Treasury unveils final policy design for climate reporting reforms

climate change Jim Chalmers financial reporting climate change disclosure ESG

12 January 2024
| By Laura Dew |
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The Treasury has opened a consultation on the final policy design of corporate climate-related financial disclosure requirements.

This seeks to amend parts of the Australian Securities and Investment Commission Act 2001 and the Corporations Act 2001 to introduce mandatory requirements for large businesses and financial institutions to disclose their climate-related risks and opportunities.

It is seeking feedback on the exposure draft, policy impact analysis and policy statement.

This is the third consultation following an initial one between December 2022-February 2023 and a second between June-July 2023.

Listed and unlisted companies and registrable superannuation entites (RSEs) affected are broken down into three groups and must meet two of three criteria.

Group 1 are companies with either consolidated revenue of greater than $500 million, gross assets of $1 billion and 500 or more employees. Group 2 are those with consolidated revenue of $200 million, gross assets of $500 million and 250 employees or more then all other relevant entities.

Those in Group 1 must prepare an annual sustainability report for the 2024-25 and 2025-26 financial year while those in Group 2 must prepare one for 2026-27. All other relevant entities must prepare one for the financial years post-2027. 

Super funds will be considered large if their funds under management are more than $5 billion.

For super funds, disclosure will support consistent reporting of climate-related risks and opportunities across the financial sector while companies will benefit from more transparency with their shareholders.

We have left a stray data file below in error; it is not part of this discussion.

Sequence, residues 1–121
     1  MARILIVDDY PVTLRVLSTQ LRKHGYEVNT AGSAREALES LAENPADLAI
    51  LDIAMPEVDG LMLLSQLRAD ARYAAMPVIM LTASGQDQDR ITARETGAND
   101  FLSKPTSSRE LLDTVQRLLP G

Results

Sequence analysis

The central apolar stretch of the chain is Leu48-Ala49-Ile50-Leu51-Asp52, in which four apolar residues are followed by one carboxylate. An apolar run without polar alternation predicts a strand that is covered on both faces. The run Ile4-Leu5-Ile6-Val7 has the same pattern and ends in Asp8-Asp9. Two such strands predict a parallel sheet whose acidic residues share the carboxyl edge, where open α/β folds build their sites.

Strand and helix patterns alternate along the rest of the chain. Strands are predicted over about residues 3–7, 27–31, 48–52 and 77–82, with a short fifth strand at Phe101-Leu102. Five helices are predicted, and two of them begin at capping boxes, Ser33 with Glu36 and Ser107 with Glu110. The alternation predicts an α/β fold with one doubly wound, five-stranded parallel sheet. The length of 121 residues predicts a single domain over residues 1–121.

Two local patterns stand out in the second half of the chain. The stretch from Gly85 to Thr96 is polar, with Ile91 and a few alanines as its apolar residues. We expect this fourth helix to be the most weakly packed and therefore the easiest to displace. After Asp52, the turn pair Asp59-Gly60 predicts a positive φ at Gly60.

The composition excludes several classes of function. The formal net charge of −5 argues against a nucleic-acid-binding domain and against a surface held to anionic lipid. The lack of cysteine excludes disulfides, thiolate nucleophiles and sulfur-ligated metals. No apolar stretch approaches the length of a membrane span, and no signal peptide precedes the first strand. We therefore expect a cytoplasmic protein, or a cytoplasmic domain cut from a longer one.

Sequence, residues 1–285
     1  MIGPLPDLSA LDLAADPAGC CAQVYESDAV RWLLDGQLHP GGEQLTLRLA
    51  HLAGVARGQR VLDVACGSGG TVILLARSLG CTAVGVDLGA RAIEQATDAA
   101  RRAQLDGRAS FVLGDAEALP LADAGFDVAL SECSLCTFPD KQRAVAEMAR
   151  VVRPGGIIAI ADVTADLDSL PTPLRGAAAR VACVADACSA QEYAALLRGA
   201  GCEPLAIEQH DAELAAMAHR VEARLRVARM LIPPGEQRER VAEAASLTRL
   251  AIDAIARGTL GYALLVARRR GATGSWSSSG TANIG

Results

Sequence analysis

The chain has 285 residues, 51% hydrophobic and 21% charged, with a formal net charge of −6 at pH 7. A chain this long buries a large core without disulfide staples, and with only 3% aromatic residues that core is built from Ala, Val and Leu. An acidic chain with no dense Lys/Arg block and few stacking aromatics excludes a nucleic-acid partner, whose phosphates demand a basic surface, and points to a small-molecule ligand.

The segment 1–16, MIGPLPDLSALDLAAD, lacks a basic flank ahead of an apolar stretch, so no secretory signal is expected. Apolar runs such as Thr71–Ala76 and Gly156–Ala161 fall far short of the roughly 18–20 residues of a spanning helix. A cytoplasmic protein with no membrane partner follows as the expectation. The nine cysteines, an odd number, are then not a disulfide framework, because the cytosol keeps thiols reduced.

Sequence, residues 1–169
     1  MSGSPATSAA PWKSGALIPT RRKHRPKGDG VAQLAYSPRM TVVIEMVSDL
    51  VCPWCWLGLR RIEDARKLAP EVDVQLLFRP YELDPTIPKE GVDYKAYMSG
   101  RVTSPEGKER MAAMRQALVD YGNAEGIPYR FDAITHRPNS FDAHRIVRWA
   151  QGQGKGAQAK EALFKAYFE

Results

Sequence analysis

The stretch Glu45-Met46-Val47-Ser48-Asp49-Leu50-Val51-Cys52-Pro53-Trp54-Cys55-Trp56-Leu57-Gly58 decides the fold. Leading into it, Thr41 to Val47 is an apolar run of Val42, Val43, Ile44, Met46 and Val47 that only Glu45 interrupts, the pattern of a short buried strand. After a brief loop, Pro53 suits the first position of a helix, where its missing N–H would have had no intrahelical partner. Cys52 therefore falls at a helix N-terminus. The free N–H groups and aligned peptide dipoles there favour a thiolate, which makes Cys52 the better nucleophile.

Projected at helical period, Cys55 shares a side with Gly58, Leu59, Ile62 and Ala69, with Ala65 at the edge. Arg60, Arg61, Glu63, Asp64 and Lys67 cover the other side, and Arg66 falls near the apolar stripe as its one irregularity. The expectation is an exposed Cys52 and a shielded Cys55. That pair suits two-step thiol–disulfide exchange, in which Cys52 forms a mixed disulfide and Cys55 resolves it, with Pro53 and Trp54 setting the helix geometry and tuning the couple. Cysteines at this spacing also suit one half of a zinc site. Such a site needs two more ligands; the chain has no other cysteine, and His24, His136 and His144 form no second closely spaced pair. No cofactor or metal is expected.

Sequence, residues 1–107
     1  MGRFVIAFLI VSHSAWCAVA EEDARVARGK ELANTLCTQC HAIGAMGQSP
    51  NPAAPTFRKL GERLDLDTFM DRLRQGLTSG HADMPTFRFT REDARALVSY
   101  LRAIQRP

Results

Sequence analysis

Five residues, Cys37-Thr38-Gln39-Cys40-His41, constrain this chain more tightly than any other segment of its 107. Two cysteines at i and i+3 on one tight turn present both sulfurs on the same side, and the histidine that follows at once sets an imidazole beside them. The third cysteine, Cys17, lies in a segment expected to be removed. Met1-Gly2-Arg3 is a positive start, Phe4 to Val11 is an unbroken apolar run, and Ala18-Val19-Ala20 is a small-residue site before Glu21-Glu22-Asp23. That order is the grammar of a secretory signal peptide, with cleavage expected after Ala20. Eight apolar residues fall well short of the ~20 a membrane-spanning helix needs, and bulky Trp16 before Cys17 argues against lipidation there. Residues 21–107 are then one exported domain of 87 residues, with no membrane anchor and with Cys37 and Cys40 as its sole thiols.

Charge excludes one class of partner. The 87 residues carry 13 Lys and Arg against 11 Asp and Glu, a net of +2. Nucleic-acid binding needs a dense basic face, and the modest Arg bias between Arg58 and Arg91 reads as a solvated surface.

The start date for Group 1 will be 1 July 2024 but the Treasury is consulting on whether an extra year would allow more time to gather the required information.

Treasurer Jim Chalmers said: “Our changes will establish Australia’s climate risk disclosure framework, giving investors and companies the transparency, clarity and certainty they need to invest in new opportunities as part of the net zero transformation.

“This is an important step for improving transparency and will help investors and companies make more informed investment decisions and lay the foundation for a stronger, more robust financial system.

“The draft legislation gives companies the opportunity to build capacity to make high quality climate risk disclosures by providing early visibility of the proposed reporting requirements and expand the breadth of entities required to report over time.

“The Albanese Government is responding to the challenge of climate change and maximising the economic opportunities from cleaner, cheaper and more reliable energy.”

The submission will be open until 9 February.

 

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Submitted by Hedware on Fri, 2024-01-12 16:30

It is about time corporations have to indicate their exposure to climate change risks for the benefit of investors and financial advisors. The previous government did nothing.

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